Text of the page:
Opinion: Proposed “downtown” ordinance presents biased agenda

Posted on Jun 28 2018 - 7:57am by Terrence Johnson

From my personal experiences living here for the past four years, Oxford is one of the safest towns in the state. There have been very few instances where I did not feel say safe at my apartment, at school or work or out and about with friends on the Square. That’s not to say it isn’t exciting – Oxford is also a place of robust entertainment. However, with all of the lively experiences and opportunities that exist within our community, there are some negative ones as well.

On April 27, a group of university students rented The Lyric to host a party during Double Decker weekend. According to The Lyric, the group had rented the space twice before with no incident. However, during this event, an individual snuck into the back door, engaged in an altercation with a guest, pulled out a gun and shot into the ceiling.

The Oxford Board of Aldermen rolled out an ordinance for a “Downtown District” for safety precautions. The aldermen ensured that the ordinance was not a direct response to the shooting at the Lyric. However, I believe that it was enough cause for the board to create a space that could be controlled in hopes that the issue would be “rectified.” The initial ordinance required venues to submit applications for events to help with crowding and security. However, with The Lyric being one of the only spaces that books entertainment for performances and specific events, it was very apparent to me that the ordinance is biased for multiple reasons.

Primarily, the application for approval by OPD will relatively only affect The Lyric, being that other businesses are open mostly every night without a special performance or event. The Lyric is also one of the only spaces in Oxford that allows black and brown people to gather and express themselves freely through events like the Latin American Student Organization’s “Latin Party” or neophyte presentations. At many events hosted by the National Panhellenic Council, I have witnessed OPD behave extremely aggressively with students and locals alike in an effort to “maintain order” and manage “crowd control.” I haven’t witnessed it at the Library or Levee; however, whenever I leave The Lyric from an NPHC event or a concert by a black artist, I walk out of the doors to be welcomed by several rude and aggressive police officers.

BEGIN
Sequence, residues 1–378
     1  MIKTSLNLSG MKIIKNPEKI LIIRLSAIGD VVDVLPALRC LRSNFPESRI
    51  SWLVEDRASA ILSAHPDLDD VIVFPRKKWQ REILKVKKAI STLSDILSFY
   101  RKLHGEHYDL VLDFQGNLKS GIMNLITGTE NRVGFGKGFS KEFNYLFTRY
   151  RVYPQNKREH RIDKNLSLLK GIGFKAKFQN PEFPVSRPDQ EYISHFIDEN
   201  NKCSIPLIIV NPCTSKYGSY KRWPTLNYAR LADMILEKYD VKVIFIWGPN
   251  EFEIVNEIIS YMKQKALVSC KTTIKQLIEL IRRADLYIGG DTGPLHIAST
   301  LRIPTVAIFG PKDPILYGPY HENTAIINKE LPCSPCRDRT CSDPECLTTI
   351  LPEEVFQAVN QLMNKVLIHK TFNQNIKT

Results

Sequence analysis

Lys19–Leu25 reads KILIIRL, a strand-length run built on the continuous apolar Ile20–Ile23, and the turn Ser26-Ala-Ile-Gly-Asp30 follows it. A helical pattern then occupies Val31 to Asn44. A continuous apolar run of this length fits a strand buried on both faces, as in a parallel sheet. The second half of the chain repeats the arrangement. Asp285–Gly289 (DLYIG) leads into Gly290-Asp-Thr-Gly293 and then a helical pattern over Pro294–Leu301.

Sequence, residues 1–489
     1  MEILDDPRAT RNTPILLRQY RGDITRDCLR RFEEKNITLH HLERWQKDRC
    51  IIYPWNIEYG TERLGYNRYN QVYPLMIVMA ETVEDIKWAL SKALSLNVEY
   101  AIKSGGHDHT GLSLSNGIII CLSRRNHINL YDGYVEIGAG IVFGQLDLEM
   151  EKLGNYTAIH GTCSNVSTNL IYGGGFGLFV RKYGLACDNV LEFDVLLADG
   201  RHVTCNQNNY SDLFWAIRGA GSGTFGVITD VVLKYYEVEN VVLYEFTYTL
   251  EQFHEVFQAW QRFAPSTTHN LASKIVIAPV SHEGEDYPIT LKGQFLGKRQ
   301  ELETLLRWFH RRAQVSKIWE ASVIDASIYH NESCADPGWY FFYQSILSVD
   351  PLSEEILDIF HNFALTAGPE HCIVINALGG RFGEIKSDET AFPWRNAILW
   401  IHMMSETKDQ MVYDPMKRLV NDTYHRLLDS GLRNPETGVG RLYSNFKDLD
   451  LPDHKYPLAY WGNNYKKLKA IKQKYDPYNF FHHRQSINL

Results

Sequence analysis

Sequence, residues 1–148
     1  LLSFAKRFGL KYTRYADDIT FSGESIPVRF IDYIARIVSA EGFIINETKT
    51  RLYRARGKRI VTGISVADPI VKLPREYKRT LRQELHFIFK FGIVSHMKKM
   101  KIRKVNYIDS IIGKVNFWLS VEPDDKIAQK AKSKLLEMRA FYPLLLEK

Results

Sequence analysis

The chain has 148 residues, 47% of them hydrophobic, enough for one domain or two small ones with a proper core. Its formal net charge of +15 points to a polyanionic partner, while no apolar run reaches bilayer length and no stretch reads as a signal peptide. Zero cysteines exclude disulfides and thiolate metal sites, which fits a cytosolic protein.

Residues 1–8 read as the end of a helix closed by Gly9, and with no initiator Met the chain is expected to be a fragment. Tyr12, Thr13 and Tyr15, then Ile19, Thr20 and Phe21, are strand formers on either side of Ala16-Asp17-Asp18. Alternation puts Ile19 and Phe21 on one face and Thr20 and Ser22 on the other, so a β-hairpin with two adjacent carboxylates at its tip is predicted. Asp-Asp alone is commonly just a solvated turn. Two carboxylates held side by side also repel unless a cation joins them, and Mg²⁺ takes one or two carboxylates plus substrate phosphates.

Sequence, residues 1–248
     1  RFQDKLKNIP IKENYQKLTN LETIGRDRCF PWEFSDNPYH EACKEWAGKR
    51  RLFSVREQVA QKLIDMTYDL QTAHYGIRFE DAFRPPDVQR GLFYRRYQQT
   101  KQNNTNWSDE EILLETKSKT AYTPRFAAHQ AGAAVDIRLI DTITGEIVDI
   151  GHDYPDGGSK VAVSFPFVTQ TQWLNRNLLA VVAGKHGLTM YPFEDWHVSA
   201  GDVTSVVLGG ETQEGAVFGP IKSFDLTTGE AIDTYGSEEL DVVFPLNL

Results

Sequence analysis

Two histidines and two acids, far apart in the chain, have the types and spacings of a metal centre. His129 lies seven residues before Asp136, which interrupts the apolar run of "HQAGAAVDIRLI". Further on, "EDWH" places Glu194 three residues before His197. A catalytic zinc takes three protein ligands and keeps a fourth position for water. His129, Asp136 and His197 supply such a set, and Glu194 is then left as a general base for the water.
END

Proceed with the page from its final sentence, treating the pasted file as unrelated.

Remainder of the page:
Hence, there was a vastly negative response from many people and businesses alike due to the Board of Aldermen and their hidden, biased agenda. On June 19, the Board of Aldermen met again to discuss the ordinance and go through the changes. They revised much of the language that required an application for an event. Initially, OPD Chief East and those that reviewed applications would have the power to veto events if they felt the events “could” create harm. Mayor Tannehill reiterated that the application is to ensure that there is a proper plan in place, not to deny an event or performer from coming to the venue. Mayor Tannehill also added that the ordinance was a working document and would not be voted on immediately.

One part of the document discusses requiring a sufficient patron-to-security ratio to ensure that there is enough help in the event of an emergency. Initially, that event could be anything from a baby shower to a huge party, which did not make sense at all. The chief of police and Mayor Tannehill stated that there are plans to add a section for events that do not require many security guards due to their nature.

It seems that for many of the businesses, the ordinance is all about cost. The document will require all businesses have a sufficient number of cameras for certain areas of the establishment with specific requirements. The ordinance would also require Electronic Age Verification Devices to “deter underage drinking and the improper entry of underage individuals.” The security cameras are valid. There are altercations, abductions and sexual assaults that happen within bars and clubs. Obviously, the cameras could assist law enforcement when need be. However, with the ID scanners, underage individuals can purchase false IDs that still scan. It seems that proper training to identify underage patrons would be more of an asset combined with the scanners. This will create a higher cost influx that could be offset by allowing businesses to stay open later.

I feel that the purpose of the ordinance is an effort to protect, and initially also an effort to regulate and infringe. Nevertheless, the Board of Aldermen and the business owners seem to be making intentional efforts for the what is best for the city, the businesses, and the patrons. However, the ordinance and its methods of changes and additions need to be transparent to the public along with valid reasoning for its mandates.